May 16, 2012

Planting is a Habit - Budgeting for Nature

Budgets bring to mind spreadsheets, bank accounts, and reducing expenditures.  At their root, I believe budgets are a tool we use for accomplishing a goal.  Whether that goal is to reduce our weight using a food budget, to save for a vacation, or pay off a mortgage budgets can be useful to ensure we stay on the right path to meet our goals.


Over the past few years I have developed an affinity for plants and working in the yard / garden / alley / apartment.  At some point along the way Amelia decided we needed to put a limit on how much to spend on plants so we created a plant budget.  (I admit I was not a proponent of this plan but life, and especially marriage, is full of compromises.)  We decided on a budget of $30 per month on plant purchases and any unused balance could be rolled over to the following month to allow for larger purchases like trees.  We've adjusted this budget over time and today it is $50 a month - the increase is partially because we have been able to reduce our food bill by growing a garden and partially because I have pitiful puppy dog eyes.

I wasn't very excited when we put the plant budget into place but my view has changed over time.  At first I looked at the budget as a limit on what I could spend on plants, which it is.  But it is also a commitment to regularly making an investment in our yard and garden.  Now we have a monthly trip to the nursery, farmer's market, or garden store and can plan for what we'd like to grow in our garden or what flowers would look good in the front yard.  It's good motivation and a reminder to think about the outdoors and engage on a regular basis.  I'm looking forward to when Eva can help us pick out which plants to try and help with watering and seeing them grow.

Another benefit of having this regular commitment to investing in our yard and garden is the opportunity to try new things.  We probably wouldn't be inclined to try planting borage or yarrow in our garden on a whim - I still don't know what they are going to look or taste like.  However, since we had extra funds in our plant budget last month we picked up these plants for a couple of dollars each and now can learn how they grow, what they look and taste like, and how well they do in our climate.  It's a learning experience in addition to being a part of our yard to enjoy.

If you're looking to learn more about plants, gardening, or landscaping I highly recommend creating a monthly budget / commitment to spend a set amount on plants each month.  Whether it's $5 or $100 a month it's a great reminder to get out in the yard and enjoy the weather.  Making regular visits to the nursery will also teach you a lot about the seasons what should be planted when.  If it gets too cold in the winter you can try something for indoors - an herb for the kitchen or trailing plant for the mantle or windowsill.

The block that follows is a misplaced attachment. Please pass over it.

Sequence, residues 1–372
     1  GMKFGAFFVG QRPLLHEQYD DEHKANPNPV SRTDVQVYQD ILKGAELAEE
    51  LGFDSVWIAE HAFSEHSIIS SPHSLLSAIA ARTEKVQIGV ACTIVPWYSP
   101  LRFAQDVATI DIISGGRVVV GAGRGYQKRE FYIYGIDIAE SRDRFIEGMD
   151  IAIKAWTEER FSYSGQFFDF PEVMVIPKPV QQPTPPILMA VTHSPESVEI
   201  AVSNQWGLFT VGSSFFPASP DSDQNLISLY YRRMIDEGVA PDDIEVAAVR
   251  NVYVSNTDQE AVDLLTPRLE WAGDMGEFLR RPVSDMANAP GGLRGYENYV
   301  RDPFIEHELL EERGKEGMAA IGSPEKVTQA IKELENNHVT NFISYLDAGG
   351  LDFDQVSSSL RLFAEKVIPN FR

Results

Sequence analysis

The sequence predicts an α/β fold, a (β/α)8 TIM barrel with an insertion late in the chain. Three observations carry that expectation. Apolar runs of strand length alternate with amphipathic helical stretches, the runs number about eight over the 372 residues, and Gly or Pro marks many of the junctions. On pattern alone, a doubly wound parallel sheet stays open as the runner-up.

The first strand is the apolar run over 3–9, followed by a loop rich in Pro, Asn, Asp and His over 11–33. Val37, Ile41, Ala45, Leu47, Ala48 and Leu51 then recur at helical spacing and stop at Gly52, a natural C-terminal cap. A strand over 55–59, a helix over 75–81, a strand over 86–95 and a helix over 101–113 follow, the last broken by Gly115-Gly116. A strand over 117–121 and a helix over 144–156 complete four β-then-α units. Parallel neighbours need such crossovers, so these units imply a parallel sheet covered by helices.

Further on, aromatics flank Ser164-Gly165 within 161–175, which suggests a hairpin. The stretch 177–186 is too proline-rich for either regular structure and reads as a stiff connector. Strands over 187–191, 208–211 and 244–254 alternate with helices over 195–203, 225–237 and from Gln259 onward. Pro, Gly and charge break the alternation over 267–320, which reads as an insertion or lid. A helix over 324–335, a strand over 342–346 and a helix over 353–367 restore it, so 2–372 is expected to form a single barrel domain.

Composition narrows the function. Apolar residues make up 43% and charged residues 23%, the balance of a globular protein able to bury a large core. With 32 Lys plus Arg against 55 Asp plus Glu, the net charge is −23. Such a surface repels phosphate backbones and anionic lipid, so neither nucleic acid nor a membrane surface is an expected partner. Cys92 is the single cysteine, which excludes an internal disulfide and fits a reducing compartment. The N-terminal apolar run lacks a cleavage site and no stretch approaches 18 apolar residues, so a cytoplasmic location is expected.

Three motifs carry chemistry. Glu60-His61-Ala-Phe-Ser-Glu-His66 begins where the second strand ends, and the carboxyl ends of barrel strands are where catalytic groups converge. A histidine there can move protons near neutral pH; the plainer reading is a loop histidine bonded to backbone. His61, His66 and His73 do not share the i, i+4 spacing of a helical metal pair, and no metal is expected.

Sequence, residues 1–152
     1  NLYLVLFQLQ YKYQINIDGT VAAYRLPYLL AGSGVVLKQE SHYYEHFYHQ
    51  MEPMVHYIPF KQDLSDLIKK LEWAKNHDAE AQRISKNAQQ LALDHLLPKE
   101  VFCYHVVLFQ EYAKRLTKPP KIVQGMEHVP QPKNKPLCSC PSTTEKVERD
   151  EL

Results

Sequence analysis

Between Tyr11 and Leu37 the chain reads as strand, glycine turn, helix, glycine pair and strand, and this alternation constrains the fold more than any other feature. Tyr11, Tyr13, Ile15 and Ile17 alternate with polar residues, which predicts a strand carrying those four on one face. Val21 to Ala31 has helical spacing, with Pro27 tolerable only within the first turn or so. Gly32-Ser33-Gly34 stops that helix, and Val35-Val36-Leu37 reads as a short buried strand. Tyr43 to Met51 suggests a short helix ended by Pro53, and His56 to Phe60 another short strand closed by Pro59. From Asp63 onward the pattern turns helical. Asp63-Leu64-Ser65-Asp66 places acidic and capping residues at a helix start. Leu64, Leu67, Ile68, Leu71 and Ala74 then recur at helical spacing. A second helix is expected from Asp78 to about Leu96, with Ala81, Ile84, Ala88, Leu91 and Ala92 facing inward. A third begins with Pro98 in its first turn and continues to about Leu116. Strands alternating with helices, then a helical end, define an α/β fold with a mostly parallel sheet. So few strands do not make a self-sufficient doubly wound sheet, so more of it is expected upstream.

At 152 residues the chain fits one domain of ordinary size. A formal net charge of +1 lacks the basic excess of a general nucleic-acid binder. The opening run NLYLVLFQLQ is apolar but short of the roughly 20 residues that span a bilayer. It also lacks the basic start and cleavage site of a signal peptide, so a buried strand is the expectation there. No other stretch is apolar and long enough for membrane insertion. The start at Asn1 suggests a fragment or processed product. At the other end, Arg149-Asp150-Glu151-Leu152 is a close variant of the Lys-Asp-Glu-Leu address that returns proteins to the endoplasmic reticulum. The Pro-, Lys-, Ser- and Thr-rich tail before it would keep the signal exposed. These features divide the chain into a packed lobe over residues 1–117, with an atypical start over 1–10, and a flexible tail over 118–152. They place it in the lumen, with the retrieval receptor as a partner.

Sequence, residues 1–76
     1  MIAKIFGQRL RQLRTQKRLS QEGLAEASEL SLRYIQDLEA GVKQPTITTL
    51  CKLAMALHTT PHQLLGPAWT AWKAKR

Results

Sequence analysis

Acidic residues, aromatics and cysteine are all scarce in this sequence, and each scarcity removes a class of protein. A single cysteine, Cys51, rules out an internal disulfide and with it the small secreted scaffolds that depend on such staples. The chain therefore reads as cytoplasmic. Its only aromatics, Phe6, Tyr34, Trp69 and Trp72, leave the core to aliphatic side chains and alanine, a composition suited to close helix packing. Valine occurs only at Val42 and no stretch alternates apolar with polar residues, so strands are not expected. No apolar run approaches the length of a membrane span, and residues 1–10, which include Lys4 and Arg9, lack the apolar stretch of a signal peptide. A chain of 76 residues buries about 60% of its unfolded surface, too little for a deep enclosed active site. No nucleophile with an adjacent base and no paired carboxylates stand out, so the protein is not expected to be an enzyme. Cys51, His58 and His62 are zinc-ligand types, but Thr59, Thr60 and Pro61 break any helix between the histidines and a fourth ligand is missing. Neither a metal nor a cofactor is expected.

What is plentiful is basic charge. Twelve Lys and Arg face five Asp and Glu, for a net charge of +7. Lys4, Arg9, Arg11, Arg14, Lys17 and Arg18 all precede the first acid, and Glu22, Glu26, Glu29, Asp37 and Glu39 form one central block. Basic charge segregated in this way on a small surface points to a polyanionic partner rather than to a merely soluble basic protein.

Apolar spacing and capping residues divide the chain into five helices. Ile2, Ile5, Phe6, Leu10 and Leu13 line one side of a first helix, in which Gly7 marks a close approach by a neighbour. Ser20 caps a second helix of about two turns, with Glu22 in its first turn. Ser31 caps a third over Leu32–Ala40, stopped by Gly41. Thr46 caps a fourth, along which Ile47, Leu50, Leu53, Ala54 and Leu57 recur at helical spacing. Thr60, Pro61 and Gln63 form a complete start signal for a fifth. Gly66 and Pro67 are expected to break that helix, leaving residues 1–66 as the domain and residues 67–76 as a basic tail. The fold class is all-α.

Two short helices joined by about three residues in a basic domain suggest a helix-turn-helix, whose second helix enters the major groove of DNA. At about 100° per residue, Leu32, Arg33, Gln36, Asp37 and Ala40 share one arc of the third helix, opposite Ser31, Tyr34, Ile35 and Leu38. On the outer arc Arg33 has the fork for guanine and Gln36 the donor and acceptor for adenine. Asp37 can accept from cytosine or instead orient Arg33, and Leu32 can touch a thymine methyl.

Another reason I think it's important to make a regular commitment to plants is to remind us of their importance.  We all rely on plants for food, air, shelter, many of our goods like furniture, to clean our air and water, and for many other purposes and uses.  Despite all that plants do for us I think we know relatively little about the plants that surround us in our own corners of the world, as well as plants that exist in other parts of the world.  Despite the importance of plants to all of us I think in general we spend very little, if anything, on helping plants to thrive and learning more about them.  Especially when compared to the amounts we spend on cable and other discretionary purchases I think spending a comparatively small amount on plants provides a handsome return of knowledge and enjoyment.

Suggested Action Steps:

  1. Create a monthly plant budget
  2. Spend your monthly budget at a local nursery or garden store
    1. Consider native plantings to attract local wildlife to your yard
  3. Enjoy the fruits of your labor in the form of fruits and vegetables, shade, a quieter yard, or more birds and squirrels
Here are a few of the recent additions to our yard.  Thank you to Seeds in the City and City Farmers Nursery here in San Diego for these plants, and for all the information you've shared with me and others!  If you live in San Diego you have to take a trip to City Farmers - it's an amazing place with so many plants (and animals!) to see and learn about.

Bush Monkey Flower (California Native) 
Basil, Mexican Elderberry (California Native), Eggplant - Rosita variety (Puerto Rico)


  1. Great Post! Thanks John. I especially liked the last line: "I think spending a comparatively small amount on plants provides a handsome return of knowledge and enjoyment."

    This is my first year planting anything in Chicago. I have a tomato plant in one planter and basil, oregano, and parsley growing in another. I'm thinking of getting a third planter. Any thoughts on a delicious fruit or veggie to try?

    1. I almost forgot - there are a lot of leafy greens that grow really well in summer also. I like Romaine but I would think that kale, broccoli, arugula, cilantro would all do well too.

  2. Andy,

    Thanks for the kind words - glad you enjoyed.

    For summer plants in Chicago I would suggest the following (assuming you like these items): squash, cucumbers (I like lemon cucumbers - small and round), eggplant (this is my first time trying but they love sun), peppers - could do jalapeno, bell, or habanero, melons if you have any larger spaces (cantaloupe, watermelon).

    Hopefully your garden will still be going in October so I can get a taste!